Expect us back and raring to go in September when our client booking calendar is looking very healthy indeed so probably best to do some early booking. If you are going to be here and want to work with us then send us a message now. Here comes the summer as Feargal said.

Stepping Stone Rentals is Live

As mentioned last week we were hoping to have SSR up and running at least as a minimum viable product last week. Well, it happened. And it's a bit better than that, it's ready to go and we are ready to be contacted and booked. Take a look around the website at Stepping Stone Rentals and let us know if you find any glitches, anything that is difficult to understand or anything you would suggest to make it better. And of course if you are ready to book then contact us and we can help guide you through the booking process.

Property of the Week

Townhouse in the Shadow of the Castle

Now and again, you find a property that really pleasantly surprises you. We went to look at this townhouse, in one of the most ancient parts of one of the most ancient towns in the Valencia region, Sagunto, and we expected the usual townhouse issues. Damp, dodgy structural issues, dark windowless bedrooms, etc.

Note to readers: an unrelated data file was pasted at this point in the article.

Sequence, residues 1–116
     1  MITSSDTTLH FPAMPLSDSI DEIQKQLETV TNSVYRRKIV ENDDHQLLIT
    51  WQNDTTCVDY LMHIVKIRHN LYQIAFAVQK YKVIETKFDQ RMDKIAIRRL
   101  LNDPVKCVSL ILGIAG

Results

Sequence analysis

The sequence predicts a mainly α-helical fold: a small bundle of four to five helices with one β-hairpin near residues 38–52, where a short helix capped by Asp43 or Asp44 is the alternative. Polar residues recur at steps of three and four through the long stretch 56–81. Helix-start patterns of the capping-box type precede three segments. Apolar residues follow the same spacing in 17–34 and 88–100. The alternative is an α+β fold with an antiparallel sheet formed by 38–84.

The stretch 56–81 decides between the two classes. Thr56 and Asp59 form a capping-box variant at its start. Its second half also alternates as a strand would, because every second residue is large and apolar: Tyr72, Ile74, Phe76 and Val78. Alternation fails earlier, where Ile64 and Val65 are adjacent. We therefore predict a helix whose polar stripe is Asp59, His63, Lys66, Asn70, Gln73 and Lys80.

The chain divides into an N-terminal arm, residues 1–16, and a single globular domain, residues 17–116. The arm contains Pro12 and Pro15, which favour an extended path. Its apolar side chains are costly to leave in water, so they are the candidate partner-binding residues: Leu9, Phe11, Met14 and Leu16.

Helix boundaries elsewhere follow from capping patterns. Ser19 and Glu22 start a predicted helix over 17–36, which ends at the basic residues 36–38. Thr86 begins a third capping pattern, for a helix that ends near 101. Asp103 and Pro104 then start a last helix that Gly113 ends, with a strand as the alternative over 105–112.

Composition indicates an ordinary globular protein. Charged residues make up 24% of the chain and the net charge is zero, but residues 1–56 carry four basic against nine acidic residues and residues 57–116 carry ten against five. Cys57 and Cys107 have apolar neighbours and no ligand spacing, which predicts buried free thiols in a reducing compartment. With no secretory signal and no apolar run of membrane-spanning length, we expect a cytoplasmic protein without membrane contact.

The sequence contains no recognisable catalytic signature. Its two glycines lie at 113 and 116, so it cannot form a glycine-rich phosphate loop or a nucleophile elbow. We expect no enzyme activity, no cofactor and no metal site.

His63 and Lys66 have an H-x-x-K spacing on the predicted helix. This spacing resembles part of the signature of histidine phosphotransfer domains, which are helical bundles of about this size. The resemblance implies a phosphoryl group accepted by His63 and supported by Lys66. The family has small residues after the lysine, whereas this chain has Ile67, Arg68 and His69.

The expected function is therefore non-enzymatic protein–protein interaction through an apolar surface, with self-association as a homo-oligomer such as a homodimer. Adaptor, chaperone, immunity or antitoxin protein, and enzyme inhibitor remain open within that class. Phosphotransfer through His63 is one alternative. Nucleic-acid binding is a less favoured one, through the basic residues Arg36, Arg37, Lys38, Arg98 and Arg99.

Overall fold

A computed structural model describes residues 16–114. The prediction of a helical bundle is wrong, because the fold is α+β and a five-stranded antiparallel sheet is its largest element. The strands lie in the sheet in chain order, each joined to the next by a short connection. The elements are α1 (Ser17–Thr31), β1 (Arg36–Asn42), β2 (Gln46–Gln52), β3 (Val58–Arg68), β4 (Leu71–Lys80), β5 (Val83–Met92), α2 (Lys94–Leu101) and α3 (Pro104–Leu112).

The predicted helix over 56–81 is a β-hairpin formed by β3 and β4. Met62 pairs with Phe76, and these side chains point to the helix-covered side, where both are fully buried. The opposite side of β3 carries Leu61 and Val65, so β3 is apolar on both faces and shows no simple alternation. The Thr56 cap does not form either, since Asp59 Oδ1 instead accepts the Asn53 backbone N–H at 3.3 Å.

So it was really enjoyable to find this instead. The house was only built in 1990, despite the location, and renovated in the last few years. Everything is excellent, simple as that. Can't fault it. New windows, central heating, air conditioning. New bathrooms, new kitchen. Wooden windows and doors in perfect condition throughout and even though the photos don't really do it justice, it is a really bright and airy house.

The property has a large garage on the ground floor. This is the only place on the street with council permission to drive in and park. There are 4 bedrooms and 2 bathrooms in the house, large living area with balconies onto the pedestrian street outside, and views of the castle and town walls. On the top floor, there is a large roof terrace, with a paellero/BBQ, and lots of room for dining table and chair and at the moment the owners even have a raised pool out there.

The terrace mainly faces west, sunsets over the mountains, and the house lies below the castle and old Roman walls, so amazing views in all directions. Sagunto is 30 minutes from Valencia city, has regular train service, and is 10 minutes from the beach. If you are looking for a townhouse without any of the headaches of a townhouse this is the one. Great potential for tourist rentals too while you aren't there.

Read More Of Our Blogs...

If you liked this then you might be interested in more of our blogs previously published here. Take a look by clicking on the images below.